We also don’t have to look back far for other examples of failures of imagination in cybersecurity: In 2010, Stuxnet caused waves as NSA-developed tools brought down Iranian centrifuges with unprecedented fileless and memory-based techniques. These advanced exploits were considered arcane and only practical for nation-states — until it emerged in other scenarios. It also paved the way for the recent explosion of memory-based attacks, including WannaCry, NotPetya, Industroyer, Equifax, Triton and many others.

Fueled by the ShadowBrokers leaks, highly dangerous hacking tools are now readily available to mainstream hackers, and these previously theoretical attacks are now common. It’s hard to believe that Spectre won’t follow a similar trajectory.

Adding to the problem is the fact that the computing space is rife with traditional silos. Software developers don’t worry about the many layers in the stack below their code, and very few people (outside the chip industry) understand the microcode and hardware supporting all of our computing – from cell phones to cloud.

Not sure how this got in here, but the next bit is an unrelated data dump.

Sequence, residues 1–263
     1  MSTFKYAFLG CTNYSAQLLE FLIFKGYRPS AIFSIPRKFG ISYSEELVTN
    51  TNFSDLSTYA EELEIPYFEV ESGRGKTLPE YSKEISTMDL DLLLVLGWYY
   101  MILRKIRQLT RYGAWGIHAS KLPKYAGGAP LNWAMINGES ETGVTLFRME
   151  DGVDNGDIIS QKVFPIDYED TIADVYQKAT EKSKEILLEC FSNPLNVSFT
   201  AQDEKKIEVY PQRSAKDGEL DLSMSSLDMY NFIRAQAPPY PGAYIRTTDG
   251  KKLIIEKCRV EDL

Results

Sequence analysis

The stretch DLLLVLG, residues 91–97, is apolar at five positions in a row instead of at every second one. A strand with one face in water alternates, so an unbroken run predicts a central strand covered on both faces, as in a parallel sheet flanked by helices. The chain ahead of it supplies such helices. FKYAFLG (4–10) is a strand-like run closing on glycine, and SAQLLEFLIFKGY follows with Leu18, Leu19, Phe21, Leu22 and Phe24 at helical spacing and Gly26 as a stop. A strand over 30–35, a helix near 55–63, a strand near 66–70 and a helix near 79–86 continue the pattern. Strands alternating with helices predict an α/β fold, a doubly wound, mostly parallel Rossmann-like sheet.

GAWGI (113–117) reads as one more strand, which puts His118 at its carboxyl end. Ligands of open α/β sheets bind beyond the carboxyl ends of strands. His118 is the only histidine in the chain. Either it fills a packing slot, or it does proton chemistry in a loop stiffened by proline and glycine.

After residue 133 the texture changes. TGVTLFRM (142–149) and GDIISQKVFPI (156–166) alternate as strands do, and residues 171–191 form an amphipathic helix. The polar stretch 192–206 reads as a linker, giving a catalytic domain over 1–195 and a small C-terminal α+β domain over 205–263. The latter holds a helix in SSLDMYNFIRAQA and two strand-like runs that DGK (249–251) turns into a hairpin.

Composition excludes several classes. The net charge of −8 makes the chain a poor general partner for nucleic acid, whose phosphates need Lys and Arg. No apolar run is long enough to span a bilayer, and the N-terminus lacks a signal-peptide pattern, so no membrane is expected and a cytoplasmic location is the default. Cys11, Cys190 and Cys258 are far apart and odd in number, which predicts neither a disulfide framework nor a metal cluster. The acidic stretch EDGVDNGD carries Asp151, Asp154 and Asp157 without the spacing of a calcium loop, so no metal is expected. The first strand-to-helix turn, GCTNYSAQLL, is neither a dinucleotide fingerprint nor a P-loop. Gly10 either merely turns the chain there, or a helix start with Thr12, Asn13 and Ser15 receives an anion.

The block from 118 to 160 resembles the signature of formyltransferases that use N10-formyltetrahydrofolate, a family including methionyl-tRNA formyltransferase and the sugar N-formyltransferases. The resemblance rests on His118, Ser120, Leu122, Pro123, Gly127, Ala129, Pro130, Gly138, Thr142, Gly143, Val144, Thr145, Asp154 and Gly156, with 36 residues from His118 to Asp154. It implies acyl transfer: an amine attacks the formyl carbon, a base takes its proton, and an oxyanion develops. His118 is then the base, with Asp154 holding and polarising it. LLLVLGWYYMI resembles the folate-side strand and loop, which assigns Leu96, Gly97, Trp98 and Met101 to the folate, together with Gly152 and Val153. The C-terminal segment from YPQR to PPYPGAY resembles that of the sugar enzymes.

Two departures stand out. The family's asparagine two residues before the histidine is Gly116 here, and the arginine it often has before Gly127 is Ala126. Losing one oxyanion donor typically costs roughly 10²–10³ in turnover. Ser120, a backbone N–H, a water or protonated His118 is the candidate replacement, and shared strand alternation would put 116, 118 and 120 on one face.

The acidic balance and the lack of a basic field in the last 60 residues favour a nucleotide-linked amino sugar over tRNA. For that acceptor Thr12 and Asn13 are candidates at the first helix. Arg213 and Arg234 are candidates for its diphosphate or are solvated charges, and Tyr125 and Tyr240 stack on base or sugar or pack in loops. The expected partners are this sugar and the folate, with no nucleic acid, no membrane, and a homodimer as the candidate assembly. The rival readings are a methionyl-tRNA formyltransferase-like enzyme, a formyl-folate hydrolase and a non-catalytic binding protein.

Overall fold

It’s imperative that we rethink our approach, challenge assumptions, break through silos and take strong measures to change underlying structural weaknesses.

Where to Go From Here

Business must of course go on, but ignoring elephant-in-the-room threats like Spectre and Meltdown is never wise. Solutions are emerging that look deeper into processor-caching and memory usage, as are those that selectively limit speculative execution without recompiling code or hobbling performance. The ongoing effort to replace processors will help, too.

That said, legacy systems can live on for years, leaving many back channels and exposing rafts of applications on an ongoing basis. Organizations however must tackle this seemingly insurmountable challenge. Remember, today’s hackers are resourceful and relentless, continuously creating clever new variants of exploits. We should expect Spectre to morph, evolve and grow – not go away.

(Willy Leichter is vice president of marketing for Virsec Systems. He is a frequent speaker at industry events and author on IT security and compliance issues.)